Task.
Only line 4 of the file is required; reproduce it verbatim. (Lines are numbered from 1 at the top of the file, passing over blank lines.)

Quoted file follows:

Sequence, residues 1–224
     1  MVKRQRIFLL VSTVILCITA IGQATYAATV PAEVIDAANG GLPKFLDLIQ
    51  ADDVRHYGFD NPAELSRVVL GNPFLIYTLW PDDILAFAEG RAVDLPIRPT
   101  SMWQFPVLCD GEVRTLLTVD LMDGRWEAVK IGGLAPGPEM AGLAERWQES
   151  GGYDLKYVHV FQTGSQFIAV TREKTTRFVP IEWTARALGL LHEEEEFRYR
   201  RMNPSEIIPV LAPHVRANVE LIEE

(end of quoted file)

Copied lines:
   101  SMWQFPVLCD GEVRTLLTVD LMDGRWEAVK IGGLAPGPEM AGLAERWQES